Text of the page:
ACCC Clears Proposed Acquisition of ASX by Singapore Exchange
The Australian Competition and Consumer Commission announced December 15 it will not oppose the proposed acquisition of ASX Limited (ASX) by Singapore Exchange Limited (SGX).
The ACCC reviewed the proposed acquisition under section 50 of the Trade Practices Act 1974, which prohibits mergers that would have the effect of substantially lessening competition in a market.
In Australia, SGX does not compete with ASX for trading, clearing or settlement services. ASX and SGX do compete for listing services, but only to a limited extent. The key focus of the ACCC’s investigation was whether the proposed acquisition would deter the entry of Chi-X Australia Pty Ltd (CXA) or Chi-East, because of a joint venture agreement which SGX has with Chi-X Global (CXG).
SGX has a 50-50 joint venture with Chi-X Global to establish Chi-East. Chi-East plans to offer an offshore “dark pool” that will list ASX listed securities. Dark pools provide electronic trading in securities where buy and sell orders are not transparent to the market. Investors typically prefer to conduct trading in the dark when they are trading large volume of shares, as pre-trade transparency may result in price movements before the trade is completed. CXG’s wholly owned subsidiary CXA plans to establish a lit trading venue in Australia which would compete with ASX. All buy and sell orders are transparent on a “lit pool”.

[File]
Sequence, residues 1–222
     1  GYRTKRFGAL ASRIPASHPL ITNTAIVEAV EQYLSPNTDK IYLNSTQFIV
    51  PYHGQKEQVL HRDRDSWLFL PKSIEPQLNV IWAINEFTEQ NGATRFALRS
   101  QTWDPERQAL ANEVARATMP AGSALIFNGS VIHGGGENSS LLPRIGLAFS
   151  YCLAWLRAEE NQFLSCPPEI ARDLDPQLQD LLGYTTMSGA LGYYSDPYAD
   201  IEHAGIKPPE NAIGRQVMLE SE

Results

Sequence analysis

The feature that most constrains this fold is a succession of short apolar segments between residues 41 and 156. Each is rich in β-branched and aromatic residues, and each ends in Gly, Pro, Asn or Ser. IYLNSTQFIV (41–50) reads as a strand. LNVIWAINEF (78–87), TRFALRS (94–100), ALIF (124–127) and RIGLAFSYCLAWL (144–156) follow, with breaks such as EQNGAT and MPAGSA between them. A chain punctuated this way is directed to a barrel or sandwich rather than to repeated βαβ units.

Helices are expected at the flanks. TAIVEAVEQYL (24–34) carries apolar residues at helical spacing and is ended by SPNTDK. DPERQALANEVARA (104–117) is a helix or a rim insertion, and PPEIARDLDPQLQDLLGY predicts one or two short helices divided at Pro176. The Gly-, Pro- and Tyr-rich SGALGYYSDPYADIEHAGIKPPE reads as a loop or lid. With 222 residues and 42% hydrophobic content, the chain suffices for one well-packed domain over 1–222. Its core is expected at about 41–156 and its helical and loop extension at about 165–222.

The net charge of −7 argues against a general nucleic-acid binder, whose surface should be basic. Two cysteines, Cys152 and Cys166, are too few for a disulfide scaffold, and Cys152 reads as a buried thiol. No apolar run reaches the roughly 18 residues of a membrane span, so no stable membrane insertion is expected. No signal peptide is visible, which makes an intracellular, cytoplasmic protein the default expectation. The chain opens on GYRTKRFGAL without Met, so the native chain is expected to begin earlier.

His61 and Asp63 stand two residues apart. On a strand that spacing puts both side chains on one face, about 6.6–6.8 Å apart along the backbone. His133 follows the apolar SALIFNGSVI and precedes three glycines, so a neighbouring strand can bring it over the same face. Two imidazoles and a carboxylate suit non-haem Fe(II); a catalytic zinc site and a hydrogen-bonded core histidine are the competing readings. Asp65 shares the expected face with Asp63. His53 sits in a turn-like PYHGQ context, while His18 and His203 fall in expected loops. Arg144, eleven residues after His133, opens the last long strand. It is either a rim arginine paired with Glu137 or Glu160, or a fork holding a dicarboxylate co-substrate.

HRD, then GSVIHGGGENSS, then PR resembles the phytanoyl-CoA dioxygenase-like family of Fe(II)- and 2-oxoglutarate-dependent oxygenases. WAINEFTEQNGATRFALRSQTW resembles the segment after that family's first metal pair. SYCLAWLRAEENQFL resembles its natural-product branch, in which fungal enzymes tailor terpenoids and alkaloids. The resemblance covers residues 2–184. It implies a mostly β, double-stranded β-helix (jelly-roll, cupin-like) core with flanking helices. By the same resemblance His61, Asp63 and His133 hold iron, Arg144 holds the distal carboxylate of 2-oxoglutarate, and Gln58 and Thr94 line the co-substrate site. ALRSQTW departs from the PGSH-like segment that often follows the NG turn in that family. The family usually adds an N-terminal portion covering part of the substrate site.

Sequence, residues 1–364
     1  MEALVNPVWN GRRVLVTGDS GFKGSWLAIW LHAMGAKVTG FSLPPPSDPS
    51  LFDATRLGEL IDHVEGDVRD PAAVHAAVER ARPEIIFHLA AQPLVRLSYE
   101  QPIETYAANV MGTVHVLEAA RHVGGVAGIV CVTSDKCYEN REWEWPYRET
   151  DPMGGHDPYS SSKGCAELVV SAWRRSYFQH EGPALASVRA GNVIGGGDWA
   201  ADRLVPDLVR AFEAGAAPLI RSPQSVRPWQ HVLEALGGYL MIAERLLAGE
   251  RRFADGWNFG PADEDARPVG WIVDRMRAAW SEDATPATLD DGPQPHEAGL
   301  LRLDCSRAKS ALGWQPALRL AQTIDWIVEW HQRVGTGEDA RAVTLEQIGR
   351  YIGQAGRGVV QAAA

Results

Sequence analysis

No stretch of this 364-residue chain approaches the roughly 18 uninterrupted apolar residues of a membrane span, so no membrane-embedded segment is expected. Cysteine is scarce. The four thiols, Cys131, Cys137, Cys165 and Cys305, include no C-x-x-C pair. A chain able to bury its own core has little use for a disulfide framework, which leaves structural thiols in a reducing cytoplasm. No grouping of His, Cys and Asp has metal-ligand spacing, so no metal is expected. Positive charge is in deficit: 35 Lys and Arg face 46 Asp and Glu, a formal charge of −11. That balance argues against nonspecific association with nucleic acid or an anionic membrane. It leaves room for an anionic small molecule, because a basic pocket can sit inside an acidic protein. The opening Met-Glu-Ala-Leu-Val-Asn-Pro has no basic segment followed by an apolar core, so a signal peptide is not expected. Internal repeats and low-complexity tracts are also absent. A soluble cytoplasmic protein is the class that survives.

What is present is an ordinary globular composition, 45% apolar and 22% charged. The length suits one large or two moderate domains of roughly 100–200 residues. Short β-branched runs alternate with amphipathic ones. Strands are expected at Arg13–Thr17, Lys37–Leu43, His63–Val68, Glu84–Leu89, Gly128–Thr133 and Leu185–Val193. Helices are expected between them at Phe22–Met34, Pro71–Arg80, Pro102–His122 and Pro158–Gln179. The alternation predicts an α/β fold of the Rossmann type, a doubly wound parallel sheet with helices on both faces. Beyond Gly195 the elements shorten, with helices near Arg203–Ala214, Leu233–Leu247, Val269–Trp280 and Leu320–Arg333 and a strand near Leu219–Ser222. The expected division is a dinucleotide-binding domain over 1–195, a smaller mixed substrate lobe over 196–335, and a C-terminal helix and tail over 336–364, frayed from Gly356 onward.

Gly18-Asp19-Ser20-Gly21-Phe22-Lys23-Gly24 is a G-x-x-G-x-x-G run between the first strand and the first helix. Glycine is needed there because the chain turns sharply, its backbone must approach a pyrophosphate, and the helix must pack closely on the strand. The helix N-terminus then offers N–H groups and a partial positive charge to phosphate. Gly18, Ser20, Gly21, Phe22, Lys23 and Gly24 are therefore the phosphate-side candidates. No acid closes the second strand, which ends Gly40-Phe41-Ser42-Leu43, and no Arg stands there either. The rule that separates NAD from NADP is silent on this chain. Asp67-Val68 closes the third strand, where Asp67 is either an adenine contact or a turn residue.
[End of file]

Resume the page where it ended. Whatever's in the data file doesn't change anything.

“The ACCC found that the joint venture relationship between SGX and CXG would not alter CXA’s incentives to establish a lit trading venue in Australia and noted that SGX has no economic interest in CXG,” ACCC chairman Graeme Samuel said.
“Given SGX’s 50 per cent ownership in Chi-East, the ACCC considered that the proposed acquisition may alter the economic incentives of Chi-East to compete with the merged entity. However, the ACCC found that the extent to which Chi-East and the ASX would compete in relation to dark pool trading services is limited. Market inquiries indicated that dark pools which are located offshore are unlikely to compete with dark pools located in Australia. Further, there are a number of dark pool providers who would continue to constrain a merged ASX/SGX.”
Market inquiries raised some concerns about access by third parties to the ASX’s market data, clearing and settlement facilities for the purpose of providing competing platforms for the trading of ASX-listed shares.
ASX is currently the incumbent trading platform for shares traded on the ASX and is also vertically integrated into the provision of clearing and settlement services. The ACCC understands that in order for a third party to compete against ASX for the trading of ASX-listed shares, that third party requires access to clearing and settlement services.
“For the ACCC to oppose a merger, it must substantiate a lessening of competition that results from the proposed acquisition itself. The ACCC found that the proposed acquisition was not the cause of the concerns about access,” Mr Samuel said.
After extensive inquiries with a range of market participants, the ACCC concluded that the proposed acquisition was unlikely to result in a substantial lessening of competition.